Skip to content Skip to footer

Jamaal Bowman Calls Manchin the “New McConnell” for Blocking For the People Act

The progressive from New York blasted Manchin for rejecting the attempt to standardize voting and election rules.

New York Democratic House candidate Jamaal Bowman greets supporters on June 23, 2020 in Yonkers, New York.

Sen. Joe Manchin’s (D-West Virginia) decision to vote against the For the People Act, a bill that would standardize voting and election rules across the country, received sharply negative responses, including from Rep. Jamaal Bowman (D-New York), who decried the senator’s actions as being akin to the obstructionist ways of Senate Minority Leader Mitch McConnell (R-Kentucky).

In an op-ed explaining his decision to vote against the bill — which would end partisan gerrymandering, restore portions of the Voting Rights Act, and seek to end the influence of dark money in politics by making political donations to political action committees public, among many other items — Manchin complained that the legislation had failed to garner any support among Republicans.

Because the bill, which is sometimes called H.R.1 or S.1, had zero Republican support, many have suggested that ending the filibuster would be necessary in order to get it passed, a notion that Manchin also rejected in his op-ed.

“I believe that partisan voting legislation will destroy the already weakening binds of our democracy, and for that reason, I will vote against the For the People Act,” Manchin said of the bill. “Furthermore, I will not vote to weaken or eliminate the filibuster.”

Bowman, speaking on CNN’s “New Day” program on Monday morning, did not pull his punches in denouncing Manchin’s decision.

“Joe Manchin has become the new Mitch McConnell,” Bowman said. “Now Joe Manchin is doing everything in his power to stop democracy and stop our work for the people.”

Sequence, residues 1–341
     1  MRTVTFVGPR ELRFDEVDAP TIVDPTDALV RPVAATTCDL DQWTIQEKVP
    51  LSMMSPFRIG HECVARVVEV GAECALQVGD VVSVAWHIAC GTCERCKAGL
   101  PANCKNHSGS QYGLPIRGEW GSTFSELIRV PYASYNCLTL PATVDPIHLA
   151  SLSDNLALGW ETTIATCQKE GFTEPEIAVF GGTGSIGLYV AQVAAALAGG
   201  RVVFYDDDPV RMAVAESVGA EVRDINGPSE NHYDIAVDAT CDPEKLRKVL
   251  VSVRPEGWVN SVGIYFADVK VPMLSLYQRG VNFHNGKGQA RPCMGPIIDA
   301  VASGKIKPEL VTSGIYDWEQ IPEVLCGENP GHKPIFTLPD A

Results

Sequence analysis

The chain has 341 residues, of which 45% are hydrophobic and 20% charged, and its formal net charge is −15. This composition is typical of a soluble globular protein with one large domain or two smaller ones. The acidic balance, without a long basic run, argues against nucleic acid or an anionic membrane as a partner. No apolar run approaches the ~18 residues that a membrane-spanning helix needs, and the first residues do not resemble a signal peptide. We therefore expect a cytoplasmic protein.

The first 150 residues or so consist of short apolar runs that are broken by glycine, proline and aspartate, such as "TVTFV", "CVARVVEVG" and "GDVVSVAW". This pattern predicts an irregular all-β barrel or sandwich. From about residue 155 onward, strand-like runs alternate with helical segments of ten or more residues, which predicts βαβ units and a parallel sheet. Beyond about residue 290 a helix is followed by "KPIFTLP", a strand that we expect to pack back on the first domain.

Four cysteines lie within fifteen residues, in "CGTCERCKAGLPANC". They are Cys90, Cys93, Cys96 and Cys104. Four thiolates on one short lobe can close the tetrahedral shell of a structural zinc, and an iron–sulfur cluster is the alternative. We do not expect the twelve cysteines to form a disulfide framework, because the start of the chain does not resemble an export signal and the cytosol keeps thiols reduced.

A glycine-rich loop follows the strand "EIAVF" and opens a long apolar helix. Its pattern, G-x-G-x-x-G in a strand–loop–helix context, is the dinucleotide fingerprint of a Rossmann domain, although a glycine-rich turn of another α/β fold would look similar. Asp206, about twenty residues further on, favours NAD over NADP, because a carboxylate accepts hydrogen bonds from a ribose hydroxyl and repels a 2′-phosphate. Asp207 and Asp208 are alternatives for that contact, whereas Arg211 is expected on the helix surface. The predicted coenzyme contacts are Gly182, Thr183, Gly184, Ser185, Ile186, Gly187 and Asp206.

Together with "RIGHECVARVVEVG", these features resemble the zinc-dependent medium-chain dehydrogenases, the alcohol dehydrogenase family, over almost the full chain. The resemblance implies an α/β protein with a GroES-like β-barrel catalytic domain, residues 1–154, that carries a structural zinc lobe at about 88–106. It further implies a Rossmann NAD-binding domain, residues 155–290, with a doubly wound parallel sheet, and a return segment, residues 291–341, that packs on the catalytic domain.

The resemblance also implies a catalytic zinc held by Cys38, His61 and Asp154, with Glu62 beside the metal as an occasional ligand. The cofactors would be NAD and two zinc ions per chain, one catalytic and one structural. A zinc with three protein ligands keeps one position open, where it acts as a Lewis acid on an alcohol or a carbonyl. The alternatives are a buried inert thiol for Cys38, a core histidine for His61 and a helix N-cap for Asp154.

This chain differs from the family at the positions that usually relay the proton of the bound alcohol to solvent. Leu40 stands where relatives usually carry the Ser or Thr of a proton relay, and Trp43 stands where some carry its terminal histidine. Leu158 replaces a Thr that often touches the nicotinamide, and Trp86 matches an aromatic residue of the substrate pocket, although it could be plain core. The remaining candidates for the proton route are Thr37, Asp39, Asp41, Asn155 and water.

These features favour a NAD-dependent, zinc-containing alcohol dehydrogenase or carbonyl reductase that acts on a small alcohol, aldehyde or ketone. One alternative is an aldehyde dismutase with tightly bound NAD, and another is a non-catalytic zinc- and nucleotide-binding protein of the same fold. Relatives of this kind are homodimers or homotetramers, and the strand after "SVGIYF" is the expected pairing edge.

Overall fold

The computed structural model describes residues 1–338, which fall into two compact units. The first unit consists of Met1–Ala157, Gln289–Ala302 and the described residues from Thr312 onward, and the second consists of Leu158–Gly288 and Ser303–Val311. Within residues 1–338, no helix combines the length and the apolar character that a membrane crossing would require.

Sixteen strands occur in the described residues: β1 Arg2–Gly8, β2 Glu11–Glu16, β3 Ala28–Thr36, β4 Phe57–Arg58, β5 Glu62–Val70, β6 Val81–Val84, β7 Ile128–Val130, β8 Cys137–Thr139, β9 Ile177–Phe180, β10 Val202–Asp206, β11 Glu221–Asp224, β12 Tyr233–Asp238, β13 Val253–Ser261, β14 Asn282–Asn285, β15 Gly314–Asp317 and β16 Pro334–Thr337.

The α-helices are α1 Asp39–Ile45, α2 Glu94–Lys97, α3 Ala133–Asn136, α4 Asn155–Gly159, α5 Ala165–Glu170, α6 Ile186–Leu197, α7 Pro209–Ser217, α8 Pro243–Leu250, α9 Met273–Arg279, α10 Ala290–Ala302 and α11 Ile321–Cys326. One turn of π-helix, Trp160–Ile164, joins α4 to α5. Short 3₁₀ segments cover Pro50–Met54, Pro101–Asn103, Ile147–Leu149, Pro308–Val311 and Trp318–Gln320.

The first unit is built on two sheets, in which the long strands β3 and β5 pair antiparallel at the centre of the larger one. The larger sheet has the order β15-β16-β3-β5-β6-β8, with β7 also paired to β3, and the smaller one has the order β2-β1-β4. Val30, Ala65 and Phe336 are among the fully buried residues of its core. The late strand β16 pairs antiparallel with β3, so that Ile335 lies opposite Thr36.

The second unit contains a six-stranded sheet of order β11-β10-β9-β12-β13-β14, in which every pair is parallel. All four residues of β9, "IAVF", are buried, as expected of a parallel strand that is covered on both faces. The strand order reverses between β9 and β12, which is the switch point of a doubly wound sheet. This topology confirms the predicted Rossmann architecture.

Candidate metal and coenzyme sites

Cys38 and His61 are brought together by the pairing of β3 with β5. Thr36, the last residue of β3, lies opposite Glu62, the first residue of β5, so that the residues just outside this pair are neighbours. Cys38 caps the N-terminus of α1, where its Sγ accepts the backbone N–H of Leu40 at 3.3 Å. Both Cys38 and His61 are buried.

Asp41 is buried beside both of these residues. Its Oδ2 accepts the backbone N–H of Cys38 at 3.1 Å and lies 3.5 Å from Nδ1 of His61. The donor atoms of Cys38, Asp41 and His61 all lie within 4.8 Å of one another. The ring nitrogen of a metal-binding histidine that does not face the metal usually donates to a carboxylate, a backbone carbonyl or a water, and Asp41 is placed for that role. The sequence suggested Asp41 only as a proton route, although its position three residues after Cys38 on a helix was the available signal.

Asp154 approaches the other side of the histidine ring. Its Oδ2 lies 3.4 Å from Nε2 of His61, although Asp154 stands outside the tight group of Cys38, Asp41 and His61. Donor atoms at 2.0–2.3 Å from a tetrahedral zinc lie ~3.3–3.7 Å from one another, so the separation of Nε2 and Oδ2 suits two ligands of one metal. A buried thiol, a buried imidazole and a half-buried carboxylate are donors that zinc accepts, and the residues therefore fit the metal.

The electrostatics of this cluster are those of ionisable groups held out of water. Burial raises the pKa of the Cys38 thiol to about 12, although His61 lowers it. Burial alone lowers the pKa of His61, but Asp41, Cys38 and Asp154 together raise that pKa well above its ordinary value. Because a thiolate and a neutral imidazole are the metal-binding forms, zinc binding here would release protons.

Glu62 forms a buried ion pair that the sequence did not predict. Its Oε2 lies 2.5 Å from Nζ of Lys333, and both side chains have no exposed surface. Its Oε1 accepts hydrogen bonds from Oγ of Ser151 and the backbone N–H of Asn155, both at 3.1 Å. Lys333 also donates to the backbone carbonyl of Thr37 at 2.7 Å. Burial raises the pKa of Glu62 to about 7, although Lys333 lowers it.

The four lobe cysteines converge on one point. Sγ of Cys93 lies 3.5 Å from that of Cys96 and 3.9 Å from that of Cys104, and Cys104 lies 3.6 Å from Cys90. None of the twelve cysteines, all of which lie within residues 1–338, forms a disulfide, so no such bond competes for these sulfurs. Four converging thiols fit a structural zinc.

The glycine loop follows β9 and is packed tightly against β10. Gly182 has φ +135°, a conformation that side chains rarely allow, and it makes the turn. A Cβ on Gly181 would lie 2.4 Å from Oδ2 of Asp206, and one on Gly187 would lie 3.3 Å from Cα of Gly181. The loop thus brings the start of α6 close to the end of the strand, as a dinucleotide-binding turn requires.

Rather than create bridges of bipartisanship, Manchin is “doing the work of the Republican Party by being an obstructionist, just like they’ve been since the beginning of Biden’s presidency,” Bowman added.

Bowman further rejected the notion that the bill was too partisan, noting that polling has shown widespread support across all ideologies.

“H.R.1 has popularity across the country — in West Virginia, and across the country,” Bowman said. “Well over 65 percent of the American people support H.R.1, and well over 50 percent of Republicans support H.R.1.”

When shown a clip of Manchin saying he is hopeful that Republicans will support some aspects of election reform, Bowman rejected his sentiments.

“This is not about hope. It’s easy for us to say what we’re not going to vote for, what we’re not going to do, it’s much harder to build the coalition to meet the needs of our democracy,” Bowman explained. “And I wonder, is Sen. Manchin reaching out to his Republican colleagues, to move them in a direction that we need to go? Is he responding to the polling? Are they responding to the polling?”

Bowman also rejected Manchin’s adherence to the filibuster.

“Are we recognizing this moment in history as being essential to overall American history and really building the multiracial democracy that we are, and not upholding a corporate agenda or the Jim Crow white supremacist relic which is the filibuster?” he asked.

Bowman’s comments echo what a group of more than 100 scholars who specialize in democracy studies said earlier this month, writing in an open letter that calls for bipartisanship on the voting rights legislation should be ignored in order to preserve and enhance democratic rights for all Americans.

“It is always far better for major democracy reforms to be bipartisan, to give change the broadest possible legitimacy. However, in the current hyper-polarized political context such broad bipartisan support is sadly lacking,” those scholars wrote, adding that Congress should do “whatever is necessary — including suspending the filibuster — in order to pass national voting and election administration standards that both guarantee the vote to all Americans equally, and prevent state legislatures from manipulating the rules in order to manufacture the result they want.”